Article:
Skip to Main Content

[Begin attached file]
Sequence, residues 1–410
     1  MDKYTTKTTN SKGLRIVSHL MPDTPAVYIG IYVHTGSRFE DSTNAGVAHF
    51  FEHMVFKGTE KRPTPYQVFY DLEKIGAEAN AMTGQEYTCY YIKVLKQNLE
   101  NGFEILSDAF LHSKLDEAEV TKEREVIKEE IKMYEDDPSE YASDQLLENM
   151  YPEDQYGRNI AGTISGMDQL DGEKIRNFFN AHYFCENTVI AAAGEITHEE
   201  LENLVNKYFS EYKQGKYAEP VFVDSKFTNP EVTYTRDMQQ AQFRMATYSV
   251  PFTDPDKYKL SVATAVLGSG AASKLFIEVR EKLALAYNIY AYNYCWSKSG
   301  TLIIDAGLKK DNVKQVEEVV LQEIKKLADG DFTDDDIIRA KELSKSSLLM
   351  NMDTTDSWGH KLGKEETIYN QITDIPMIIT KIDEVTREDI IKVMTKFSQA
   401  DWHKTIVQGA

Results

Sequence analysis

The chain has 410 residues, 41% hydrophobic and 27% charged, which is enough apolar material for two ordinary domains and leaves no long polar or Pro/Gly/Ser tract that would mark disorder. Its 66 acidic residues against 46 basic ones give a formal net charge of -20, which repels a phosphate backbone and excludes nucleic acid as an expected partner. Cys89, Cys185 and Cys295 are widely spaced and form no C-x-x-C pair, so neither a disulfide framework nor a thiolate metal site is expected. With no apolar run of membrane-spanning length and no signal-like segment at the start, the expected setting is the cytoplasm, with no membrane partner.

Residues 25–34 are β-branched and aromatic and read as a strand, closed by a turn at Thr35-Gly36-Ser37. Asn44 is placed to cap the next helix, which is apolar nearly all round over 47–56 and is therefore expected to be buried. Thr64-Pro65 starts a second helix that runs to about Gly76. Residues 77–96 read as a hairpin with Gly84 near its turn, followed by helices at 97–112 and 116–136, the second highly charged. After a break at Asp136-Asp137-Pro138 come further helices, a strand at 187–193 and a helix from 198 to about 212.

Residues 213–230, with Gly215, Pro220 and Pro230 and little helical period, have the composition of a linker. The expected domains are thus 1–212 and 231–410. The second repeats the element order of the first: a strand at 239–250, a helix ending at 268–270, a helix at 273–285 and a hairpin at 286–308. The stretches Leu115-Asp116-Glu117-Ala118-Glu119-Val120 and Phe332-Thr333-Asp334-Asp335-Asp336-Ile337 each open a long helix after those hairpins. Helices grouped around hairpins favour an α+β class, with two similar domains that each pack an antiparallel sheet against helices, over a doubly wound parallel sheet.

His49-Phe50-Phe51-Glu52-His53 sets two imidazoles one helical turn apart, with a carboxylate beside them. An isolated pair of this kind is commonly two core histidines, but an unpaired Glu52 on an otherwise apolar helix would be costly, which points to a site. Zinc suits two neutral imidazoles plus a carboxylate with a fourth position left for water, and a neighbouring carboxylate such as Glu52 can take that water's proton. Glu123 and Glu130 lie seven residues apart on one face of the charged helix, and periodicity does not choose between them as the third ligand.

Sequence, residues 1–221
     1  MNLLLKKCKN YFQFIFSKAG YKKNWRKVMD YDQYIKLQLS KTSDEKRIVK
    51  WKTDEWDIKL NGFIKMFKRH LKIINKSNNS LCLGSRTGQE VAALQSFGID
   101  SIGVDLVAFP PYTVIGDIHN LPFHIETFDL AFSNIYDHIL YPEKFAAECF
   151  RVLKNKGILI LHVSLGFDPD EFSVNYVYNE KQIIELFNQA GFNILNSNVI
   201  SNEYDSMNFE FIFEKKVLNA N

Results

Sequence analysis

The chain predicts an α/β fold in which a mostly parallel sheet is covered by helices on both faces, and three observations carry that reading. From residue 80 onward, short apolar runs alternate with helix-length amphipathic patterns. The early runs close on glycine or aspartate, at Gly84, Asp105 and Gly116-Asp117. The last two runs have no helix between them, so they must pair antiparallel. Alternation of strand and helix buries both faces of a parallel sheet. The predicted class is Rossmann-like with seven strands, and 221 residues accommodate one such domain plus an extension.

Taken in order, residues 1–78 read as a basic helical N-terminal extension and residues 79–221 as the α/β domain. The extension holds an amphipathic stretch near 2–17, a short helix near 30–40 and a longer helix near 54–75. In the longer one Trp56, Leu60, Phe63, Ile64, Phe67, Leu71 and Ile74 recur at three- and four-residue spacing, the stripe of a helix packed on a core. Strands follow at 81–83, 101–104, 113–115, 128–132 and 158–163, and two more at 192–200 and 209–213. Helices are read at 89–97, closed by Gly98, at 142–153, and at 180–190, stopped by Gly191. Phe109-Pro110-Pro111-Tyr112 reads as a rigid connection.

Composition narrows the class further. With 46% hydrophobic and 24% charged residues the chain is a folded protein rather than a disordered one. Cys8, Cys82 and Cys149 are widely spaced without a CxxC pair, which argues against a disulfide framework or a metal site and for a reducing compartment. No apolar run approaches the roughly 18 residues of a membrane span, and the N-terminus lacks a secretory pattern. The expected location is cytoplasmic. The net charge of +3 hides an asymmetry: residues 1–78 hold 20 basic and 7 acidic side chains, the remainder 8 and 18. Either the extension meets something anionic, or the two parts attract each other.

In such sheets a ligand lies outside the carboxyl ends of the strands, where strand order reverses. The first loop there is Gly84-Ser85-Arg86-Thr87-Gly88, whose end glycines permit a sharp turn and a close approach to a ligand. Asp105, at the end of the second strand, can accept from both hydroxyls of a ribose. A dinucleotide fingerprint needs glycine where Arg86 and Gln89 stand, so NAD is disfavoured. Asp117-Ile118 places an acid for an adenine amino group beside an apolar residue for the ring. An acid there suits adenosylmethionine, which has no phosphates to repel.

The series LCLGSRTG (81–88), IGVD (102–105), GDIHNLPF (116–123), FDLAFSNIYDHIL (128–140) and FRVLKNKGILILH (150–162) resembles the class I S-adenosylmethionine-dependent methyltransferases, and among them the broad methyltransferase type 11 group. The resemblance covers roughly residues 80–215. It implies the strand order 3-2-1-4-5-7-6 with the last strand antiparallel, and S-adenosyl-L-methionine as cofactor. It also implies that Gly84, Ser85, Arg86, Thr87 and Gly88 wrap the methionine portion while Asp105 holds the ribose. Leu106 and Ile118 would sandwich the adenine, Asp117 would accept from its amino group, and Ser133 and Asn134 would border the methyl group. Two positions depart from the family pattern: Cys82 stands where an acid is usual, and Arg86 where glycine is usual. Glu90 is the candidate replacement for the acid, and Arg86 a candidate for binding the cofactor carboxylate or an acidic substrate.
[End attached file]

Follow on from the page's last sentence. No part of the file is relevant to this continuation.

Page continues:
Dynamic collaborative driving involves the motion coordination of multiple vehicles using shared information from vehicles instrumented to perceive their surroundings in order to improve road usage and safety. A basic requirement of any vehicle participating in dynamic collaborative driving is longitudinal control. Without this capability, higher-level coordination is not possible. This paper focuses on the problem of longitudinal motion control. A detailed nonlinear longitudinal vehicle model which serves as the control system design platform is used to develop a longitudinal adaptive control system based on Monte Carlo reinforcement learning. The results of the reinforcement learning phase and the performance of the adaptive control system for a single automobile as well as the performance in a multi-vehicle platoon is presented.